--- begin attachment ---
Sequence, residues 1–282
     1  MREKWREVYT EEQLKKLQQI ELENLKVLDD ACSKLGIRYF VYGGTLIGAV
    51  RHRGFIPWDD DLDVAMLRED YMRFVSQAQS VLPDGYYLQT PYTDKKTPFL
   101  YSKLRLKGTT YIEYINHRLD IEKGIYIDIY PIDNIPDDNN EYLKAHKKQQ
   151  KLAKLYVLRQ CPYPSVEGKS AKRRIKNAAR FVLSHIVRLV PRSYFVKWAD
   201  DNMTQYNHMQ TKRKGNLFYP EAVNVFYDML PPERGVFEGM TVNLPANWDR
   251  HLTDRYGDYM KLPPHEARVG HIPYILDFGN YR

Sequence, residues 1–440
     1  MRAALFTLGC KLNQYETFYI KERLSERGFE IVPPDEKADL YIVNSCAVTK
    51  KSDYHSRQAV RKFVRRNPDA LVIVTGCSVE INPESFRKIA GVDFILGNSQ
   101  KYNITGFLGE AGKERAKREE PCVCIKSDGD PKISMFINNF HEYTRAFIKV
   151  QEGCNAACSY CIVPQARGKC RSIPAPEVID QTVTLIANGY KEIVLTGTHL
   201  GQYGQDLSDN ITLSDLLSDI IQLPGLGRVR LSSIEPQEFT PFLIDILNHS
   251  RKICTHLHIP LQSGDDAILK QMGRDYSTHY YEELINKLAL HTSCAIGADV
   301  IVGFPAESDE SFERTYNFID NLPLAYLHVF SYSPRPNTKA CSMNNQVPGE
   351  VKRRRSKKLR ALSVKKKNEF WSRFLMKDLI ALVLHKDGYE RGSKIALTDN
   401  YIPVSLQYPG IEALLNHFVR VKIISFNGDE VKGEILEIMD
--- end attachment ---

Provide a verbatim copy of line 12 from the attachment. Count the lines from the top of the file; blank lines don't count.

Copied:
   151  QEGCNAACSY CIVPQARGKC RSIPAPEVID QTVTLIANGY KEIVLTGTHL